“I don’t feel like I’m being dragged by anything anymore. I feel more in control. I’m calmer. I know that there’s no point to feeling anxious all day, so I try not to.”
Read the full interview at nytimes.com.
Born in 1906, Soichiro Honda was a Japanese inventor and industrialist who created the automotive empire by his namesake — Honda Motor Company. However, while Honda’s company has certainly grown to rival even that of Toyota, Honda’s earliest days were anything but easy. Yet, it was his perseverance and his tenacity to never give up that kept him going and helped him to ultimately succeed.
Without any formal education to his name, at the age of 15-years old, Honda left home to head for Tokyo to search for work, which he later found at an auto repair shop where he apprenticed and worked for the next 6 years before returning home to open up his own automotive shop.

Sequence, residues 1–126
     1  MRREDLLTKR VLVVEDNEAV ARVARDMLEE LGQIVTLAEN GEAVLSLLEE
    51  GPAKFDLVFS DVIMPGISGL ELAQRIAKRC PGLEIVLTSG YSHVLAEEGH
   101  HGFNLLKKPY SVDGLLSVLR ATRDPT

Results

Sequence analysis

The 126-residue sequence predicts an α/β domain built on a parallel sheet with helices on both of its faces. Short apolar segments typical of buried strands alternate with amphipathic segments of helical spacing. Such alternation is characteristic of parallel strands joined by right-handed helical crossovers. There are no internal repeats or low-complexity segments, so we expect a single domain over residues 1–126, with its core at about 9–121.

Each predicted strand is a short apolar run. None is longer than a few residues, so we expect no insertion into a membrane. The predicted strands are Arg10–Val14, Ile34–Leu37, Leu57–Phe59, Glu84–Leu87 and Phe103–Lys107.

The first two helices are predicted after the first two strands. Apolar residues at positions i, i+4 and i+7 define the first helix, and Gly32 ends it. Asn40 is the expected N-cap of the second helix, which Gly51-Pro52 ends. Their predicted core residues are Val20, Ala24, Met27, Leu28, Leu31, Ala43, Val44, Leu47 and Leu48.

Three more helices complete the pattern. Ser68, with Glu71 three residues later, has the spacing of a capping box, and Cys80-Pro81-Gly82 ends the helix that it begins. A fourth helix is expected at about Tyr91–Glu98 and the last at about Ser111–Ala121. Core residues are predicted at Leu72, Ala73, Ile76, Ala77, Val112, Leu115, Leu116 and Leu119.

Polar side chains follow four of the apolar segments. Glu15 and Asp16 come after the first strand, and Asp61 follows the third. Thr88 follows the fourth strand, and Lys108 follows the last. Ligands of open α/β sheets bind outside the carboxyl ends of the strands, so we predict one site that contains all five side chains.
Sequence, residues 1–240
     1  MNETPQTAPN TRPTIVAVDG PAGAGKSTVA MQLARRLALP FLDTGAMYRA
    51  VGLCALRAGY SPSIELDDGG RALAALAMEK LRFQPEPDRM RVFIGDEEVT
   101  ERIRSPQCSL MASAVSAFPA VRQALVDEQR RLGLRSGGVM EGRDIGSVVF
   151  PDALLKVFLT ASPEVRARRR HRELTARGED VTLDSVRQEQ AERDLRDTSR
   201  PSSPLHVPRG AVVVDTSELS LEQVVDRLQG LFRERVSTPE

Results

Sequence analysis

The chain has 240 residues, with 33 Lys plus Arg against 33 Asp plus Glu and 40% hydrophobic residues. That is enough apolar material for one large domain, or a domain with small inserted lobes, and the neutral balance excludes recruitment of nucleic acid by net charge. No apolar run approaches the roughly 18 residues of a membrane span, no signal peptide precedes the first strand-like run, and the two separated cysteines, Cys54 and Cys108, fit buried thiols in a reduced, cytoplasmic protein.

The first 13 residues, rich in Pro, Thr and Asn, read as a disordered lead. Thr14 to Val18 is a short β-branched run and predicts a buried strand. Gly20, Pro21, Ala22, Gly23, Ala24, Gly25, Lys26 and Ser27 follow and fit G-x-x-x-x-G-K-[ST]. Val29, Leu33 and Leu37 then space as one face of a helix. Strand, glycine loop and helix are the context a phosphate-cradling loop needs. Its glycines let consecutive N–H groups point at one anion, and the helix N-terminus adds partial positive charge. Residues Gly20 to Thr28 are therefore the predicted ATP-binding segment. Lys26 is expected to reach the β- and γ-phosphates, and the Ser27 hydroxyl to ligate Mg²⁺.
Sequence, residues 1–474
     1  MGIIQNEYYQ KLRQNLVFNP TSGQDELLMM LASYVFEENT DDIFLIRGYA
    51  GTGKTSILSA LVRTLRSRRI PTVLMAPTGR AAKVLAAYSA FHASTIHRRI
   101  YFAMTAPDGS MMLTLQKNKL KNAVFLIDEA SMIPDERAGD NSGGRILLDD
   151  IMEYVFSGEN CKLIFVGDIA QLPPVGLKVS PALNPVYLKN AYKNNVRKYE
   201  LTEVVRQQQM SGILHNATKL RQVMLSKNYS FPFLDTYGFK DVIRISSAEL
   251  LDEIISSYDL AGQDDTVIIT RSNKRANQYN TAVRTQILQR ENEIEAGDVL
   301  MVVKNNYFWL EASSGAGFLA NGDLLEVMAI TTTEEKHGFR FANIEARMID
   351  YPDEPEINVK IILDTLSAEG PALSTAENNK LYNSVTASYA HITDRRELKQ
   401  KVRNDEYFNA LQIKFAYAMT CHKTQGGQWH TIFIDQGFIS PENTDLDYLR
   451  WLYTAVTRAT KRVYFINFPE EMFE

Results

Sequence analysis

During the Great Depression, in 1937, at the age of 31-years old, he founded, Tōkai Seiki to create piston rings for Toyota. He toiled and labored night and day to create these, but to no avail. With little cash and bleak chances for survival, he had to pawn his wife’s ring just to make ends meet. He failed ultimately, and was told that the rings didn’t meet Toyota’s specifications.
However, he refused to give up. He went back to school and continued to search for ways to improve upon his prior designs. Eventually, after two more years of designing and trying, he succeeded and successfully secured a contract with Toyota to create the piston rings.